After a few moments of silence and talking with Icie, they said, "Mr. Roach you humble our hearts with your love and concern for the mountain children, plus your great generosity and the willingness of Icie's cooperation to teach. We see no way we could refuse your request."

So a contract was made legal. Icie Marie Roach would be the first teacher ever to teach at the Lewis Mountain School.

A copy of this legal document is sent along with this writing to the editor to prove the statement.

She would be paid $15.00 per month and $1.50 would be taken out of each pay for State Teacher's Retirement Fund.

As I write about a Great Heritage, a place for Aunt Icie Marie always remains in my heart, who had character like her parents, John Scot and Caro Roach, who could endure hardship that others might be blessed.

She taught the community children and her own brothers and sisters. My mother being one of her pupils.

I can imagine seeing Grandpa coming home in the evening from Elkton, Virginia with the mule team and bark wagon saying, "Icie Marie! I brought you a newspaper today; there is a current event you will want to teach tomorrow at school."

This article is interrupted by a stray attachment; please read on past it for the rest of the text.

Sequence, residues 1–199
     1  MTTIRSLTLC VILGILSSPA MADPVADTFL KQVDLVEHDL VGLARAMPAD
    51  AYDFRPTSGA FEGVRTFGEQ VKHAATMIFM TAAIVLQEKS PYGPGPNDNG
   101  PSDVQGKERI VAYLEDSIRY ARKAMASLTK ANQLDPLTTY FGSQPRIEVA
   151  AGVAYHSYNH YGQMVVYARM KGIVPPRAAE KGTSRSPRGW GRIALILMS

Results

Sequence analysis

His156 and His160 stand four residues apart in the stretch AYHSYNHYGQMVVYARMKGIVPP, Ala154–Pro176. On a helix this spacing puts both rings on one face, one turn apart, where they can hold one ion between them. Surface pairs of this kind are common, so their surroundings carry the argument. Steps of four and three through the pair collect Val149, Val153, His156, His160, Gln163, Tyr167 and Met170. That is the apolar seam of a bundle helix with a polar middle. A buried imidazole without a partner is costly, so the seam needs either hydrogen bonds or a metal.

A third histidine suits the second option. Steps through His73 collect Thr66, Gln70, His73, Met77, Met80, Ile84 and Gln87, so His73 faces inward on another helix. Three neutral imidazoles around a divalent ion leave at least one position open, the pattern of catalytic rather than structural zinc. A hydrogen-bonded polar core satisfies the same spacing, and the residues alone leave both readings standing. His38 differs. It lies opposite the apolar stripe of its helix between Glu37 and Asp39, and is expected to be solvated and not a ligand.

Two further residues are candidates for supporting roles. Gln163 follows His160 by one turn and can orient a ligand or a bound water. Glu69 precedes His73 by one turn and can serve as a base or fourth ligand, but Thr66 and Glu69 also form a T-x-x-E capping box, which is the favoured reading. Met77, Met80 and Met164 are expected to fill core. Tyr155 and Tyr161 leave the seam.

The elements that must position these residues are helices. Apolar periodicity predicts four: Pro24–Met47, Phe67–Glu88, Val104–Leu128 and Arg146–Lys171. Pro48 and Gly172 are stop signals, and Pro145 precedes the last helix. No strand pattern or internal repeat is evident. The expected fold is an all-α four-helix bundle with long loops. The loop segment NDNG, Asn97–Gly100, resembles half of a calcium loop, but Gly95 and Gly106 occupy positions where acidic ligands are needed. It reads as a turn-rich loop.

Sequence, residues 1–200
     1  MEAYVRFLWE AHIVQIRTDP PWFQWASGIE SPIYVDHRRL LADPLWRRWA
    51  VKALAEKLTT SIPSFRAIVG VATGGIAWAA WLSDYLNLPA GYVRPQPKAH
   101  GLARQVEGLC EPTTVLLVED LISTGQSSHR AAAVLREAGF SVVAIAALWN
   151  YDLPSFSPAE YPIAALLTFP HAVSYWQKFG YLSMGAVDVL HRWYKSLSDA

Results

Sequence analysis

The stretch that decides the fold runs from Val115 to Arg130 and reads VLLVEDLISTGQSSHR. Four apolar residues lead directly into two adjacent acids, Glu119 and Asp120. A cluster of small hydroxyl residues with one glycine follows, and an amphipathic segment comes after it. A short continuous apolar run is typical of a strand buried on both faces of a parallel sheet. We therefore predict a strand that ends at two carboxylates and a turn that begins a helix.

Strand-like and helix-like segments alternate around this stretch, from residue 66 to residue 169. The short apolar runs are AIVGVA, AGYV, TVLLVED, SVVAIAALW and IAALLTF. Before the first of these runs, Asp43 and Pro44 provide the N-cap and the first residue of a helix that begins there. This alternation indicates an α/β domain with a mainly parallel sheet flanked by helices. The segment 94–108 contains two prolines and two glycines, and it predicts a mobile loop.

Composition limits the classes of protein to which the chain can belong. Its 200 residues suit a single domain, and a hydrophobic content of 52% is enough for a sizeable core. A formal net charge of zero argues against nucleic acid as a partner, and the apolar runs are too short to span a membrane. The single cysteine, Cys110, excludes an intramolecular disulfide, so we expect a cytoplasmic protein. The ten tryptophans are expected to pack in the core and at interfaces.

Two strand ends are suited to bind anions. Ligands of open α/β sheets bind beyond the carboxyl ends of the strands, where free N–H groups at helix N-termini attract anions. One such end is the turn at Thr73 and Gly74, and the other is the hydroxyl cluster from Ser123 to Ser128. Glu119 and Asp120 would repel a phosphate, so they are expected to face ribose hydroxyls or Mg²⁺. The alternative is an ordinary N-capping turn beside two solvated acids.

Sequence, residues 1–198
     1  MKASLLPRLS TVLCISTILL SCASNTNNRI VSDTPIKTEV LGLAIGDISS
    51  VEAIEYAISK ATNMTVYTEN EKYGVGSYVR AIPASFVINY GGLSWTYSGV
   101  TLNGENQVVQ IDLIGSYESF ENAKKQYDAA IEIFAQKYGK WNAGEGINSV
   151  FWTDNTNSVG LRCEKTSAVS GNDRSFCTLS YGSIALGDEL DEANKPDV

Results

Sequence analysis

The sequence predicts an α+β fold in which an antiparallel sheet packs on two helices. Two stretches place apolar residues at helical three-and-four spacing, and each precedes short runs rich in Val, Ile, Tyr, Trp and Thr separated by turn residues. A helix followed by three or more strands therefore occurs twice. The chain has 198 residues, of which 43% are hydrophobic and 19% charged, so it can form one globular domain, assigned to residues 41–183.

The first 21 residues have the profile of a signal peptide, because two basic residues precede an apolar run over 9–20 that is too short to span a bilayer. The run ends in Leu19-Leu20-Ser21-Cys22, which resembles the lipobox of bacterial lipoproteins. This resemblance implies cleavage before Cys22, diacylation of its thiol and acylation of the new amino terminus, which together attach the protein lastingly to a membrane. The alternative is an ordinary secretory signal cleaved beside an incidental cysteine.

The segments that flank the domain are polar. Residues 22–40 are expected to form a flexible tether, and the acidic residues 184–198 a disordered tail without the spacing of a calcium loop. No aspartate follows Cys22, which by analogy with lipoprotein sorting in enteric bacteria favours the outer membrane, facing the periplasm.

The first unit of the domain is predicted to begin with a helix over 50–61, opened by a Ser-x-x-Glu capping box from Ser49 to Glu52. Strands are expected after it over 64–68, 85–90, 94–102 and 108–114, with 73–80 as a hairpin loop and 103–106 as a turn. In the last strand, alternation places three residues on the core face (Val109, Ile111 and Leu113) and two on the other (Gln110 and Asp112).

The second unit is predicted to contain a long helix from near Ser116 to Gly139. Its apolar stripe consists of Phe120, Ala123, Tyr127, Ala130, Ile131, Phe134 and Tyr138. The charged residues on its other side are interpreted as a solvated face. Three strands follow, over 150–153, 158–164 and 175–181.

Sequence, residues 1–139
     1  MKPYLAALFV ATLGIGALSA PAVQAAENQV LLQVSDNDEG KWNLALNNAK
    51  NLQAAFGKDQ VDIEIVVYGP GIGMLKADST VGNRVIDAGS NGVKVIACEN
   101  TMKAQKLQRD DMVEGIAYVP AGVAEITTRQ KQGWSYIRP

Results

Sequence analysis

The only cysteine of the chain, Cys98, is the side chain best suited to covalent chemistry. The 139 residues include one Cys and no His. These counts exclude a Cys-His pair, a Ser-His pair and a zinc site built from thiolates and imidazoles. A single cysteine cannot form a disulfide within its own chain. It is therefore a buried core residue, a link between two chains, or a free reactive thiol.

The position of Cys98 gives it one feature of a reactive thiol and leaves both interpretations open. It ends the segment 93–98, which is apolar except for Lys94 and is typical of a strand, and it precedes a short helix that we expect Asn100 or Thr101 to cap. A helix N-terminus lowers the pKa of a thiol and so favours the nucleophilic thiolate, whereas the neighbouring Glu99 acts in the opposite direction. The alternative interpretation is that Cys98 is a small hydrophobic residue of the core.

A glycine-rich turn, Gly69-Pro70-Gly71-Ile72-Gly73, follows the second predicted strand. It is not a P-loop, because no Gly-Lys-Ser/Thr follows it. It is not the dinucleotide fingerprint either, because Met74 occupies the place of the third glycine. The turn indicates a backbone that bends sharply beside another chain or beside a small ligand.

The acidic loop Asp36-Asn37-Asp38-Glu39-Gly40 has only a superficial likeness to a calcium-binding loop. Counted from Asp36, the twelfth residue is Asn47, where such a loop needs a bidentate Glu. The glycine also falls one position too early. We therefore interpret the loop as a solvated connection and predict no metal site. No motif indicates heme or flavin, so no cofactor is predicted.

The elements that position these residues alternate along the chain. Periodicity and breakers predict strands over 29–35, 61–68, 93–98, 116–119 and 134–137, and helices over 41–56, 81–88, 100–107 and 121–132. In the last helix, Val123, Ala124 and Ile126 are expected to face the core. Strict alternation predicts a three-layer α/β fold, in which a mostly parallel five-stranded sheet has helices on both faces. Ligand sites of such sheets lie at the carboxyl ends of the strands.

The great Titanic, the greatest passenger ship ever afloat hit a iceberg 95 mile south of Grand Banks of Newfoundland and did sink the 14 or 15th of April, 1912 and many were drowned. A terrible tragedy!

To all my special readers with good mountain blood in their veins and loving spirits, Mama said, "Life is a testing ground, (you will hit the D's in life) discouraged, disgusted, disappointed and desponded, but never despair. The number one thing to do is purpose good in your heart, use courage, have faith that love can make a way where there is no way."

And so it was January 4, 1912 the Lewis Mountain School came to birth, through a hard difficult process in the coldest part of winter at the highest elevation of the Blue Ridge Mountains.

Here the doors of knowledge were open to the intelligent minds of the beautiful, healthy, mountain children.

This building was also used as Pocosin Episcopal #2 Mission where Sunday School was taught, and Christmas programs enjoyed. I suppose many a child did say, "From Monday until Friday we would work and play, then back to school to Sunday School was where I learned to pray."